The lead article in this issue, “Covenant Stones of Passage” written by our friend in ministry Brad Winsted, offers some interesting and intriguing ways for local churches to carry out those covenant vows. I hope every local church leader and parent will read, ponder, and discuss them. Joining the church, either as a non-communicant or communicant member, should be one of the most special events in a young person’s life. I think about my days as a pastor and confess that such a “receiving event” was often more of a routine than a celebration. Do not gloss over the ideas suggested in Winsted’s article without careful, serious consideration.

If the statistics about huge numbers of young people leaving the church are right, then we should be willing to do whatever we can, humanly speaking, to demonstrate that our covenant children belong and are accepted in the covenant family. Please take the challenge seriously! Several new books reviewed in this issue should help convince you of the urgency of this matter. Four of them speak to the challenges of this generation that is growing up in a morally and spiritually chaotic world. Church leaders and parents should read, study, and discuss the books by John Seele and Os Guinness. I read and scan many books, and these two are as timely and crucial as any I have read recently. The other books elaborate on the challenge and offer materials that can be used effectively to rise to the occasion.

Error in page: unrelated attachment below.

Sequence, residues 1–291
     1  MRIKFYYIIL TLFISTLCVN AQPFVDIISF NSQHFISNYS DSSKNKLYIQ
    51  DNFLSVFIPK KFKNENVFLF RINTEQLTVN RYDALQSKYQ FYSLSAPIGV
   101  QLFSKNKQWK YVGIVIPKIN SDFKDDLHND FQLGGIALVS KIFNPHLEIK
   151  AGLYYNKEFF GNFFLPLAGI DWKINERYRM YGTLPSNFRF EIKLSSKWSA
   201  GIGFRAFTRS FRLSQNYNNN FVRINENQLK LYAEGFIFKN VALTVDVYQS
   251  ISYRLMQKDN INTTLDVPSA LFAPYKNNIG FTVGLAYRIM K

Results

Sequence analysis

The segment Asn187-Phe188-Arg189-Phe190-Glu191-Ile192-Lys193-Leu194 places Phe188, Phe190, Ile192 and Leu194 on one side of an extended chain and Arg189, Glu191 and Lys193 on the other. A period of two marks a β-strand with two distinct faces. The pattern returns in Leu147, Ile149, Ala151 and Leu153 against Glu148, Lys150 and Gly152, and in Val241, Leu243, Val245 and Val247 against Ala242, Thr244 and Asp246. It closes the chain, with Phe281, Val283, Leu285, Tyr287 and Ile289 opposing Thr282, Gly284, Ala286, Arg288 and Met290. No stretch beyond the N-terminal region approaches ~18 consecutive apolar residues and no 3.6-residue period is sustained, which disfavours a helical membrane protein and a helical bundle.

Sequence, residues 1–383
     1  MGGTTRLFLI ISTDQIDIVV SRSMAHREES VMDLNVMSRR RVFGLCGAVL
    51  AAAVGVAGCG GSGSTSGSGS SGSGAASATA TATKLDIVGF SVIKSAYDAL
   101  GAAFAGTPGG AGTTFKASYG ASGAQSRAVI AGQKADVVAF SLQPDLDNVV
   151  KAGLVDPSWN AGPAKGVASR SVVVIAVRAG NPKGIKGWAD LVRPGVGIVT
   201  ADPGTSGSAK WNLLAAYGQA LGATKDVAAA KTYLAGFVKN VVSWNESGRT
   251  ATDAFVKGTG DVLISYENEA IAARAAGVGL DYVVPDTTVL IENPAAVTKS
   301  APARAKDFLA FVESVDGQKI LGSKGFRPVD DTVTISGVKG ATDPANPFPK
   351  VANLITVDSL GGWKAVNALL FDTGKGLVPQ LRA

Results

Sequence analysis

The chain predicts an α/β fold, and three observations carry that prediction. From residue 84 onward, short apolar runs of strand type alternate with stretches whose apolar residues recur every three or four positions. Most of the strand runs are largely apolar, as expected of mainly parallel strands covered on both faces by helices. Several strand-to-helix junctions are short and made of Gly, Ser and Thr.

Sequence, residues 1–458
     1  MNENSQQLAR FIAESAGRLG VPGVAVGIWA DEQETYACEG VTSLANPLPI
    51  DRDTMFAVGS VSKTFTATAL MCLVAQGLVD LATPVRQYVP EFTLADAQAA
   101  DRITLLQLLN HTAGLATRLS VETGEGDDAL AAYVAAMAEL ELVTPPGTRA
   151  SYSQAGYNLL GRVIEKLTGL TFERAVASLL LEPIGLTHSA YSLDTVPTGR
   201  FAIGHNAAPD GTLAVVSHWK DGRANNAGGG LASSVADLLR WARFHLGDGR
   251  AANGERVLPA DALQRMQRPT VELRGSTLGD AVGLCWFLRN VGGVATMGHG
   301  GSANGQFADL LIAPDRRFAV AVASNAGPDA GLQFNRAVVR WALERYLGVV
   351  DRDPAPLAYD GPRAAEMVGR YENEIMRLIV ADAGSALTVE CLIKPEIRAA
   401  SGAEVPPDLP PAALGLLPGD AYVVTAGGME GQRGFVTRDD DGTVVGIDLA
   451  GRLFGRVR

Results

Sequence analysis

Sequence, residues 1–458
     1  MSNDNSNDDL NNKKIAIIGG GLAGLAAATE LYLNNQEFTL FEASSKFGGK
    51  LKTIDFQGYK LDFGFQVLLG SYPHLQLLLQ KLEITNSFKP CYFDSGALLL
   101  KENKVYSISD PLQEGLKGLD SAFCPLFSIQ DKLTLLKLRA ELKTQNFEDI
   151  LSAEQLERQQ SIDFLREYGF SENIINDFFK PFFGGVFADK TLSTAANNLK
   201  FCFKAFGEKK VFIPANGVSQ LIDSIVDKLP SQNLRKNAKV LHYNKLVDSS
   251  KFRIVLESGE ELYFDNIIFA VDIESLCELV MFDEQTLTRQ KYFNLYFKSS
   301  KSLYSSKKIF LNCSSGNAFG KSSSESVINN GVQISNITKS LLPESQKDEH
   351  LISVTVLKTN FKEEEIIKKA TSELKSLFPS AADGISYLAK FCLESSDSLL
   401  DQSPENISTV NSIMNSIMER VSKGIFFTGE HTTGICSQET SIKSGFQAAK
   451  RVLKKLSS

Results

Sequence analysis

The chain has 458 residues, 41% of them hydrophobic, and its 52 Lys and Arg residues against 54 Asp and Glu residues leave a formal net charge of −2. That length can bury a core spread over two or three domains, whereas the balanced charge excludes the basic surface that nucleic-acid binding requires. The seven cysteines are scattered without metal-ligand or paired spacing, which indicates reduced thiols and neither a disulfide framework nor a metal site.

Though the connection may seem less obvious, the books on effective boards also fit into this scenario. As CE/P has worked with church leaders through the years, we have seen that many are so consumed with activities that ministry time is eaten up by busyness. The books on boards are full of helpful ideas on how leaders can use their time more efficiently and minister more productively. It is our joy and delight to help local leaders consider options that will make them more effective in giving direction and spiritual oversight to the church ministry.

The series of articles on stewardship, as well as the other features such as “Equip Tips” and advertisements, are carefully selected for your benefit. Though the advertisements in Equip for Ministry help us offset a portion of the publishing expenses, they also help us carry out our philosophy of making local church leaders aware of available resources.

Pray for us during this new year that we might listen carefully and obediently to God’s Word and be so unified in spirit and purpose that we can do whatever we set out to do. Of course we realize that while “Paul plants and Apollos waters, only God can give the increase.” To Him be the glory and praise.

Charles Dunahoo pastored churches in Georgia and Alabama before being called to his present position as Coordinator for the PCA of Christian Education and Publications (CEP).